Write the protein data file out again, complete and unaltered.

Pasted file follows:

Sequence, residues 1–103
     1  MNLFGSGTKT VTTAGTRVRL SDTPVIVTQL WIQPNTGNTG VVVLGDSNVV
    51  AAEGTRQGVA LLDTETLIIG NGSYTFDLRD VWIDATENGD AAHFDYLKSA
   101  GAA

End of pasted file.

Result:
Sequence, residues 1–103
     1  MNLFGSGTKT VTTAGTRVRL SDTPVIVTQL WIQPNTGNTG VVVLGDSNVV
    51  AAEGTRQGVA LLDTETLIIG NGSYTFDLRD VWIDATENGD AAHFDYLKSA
   101  GAA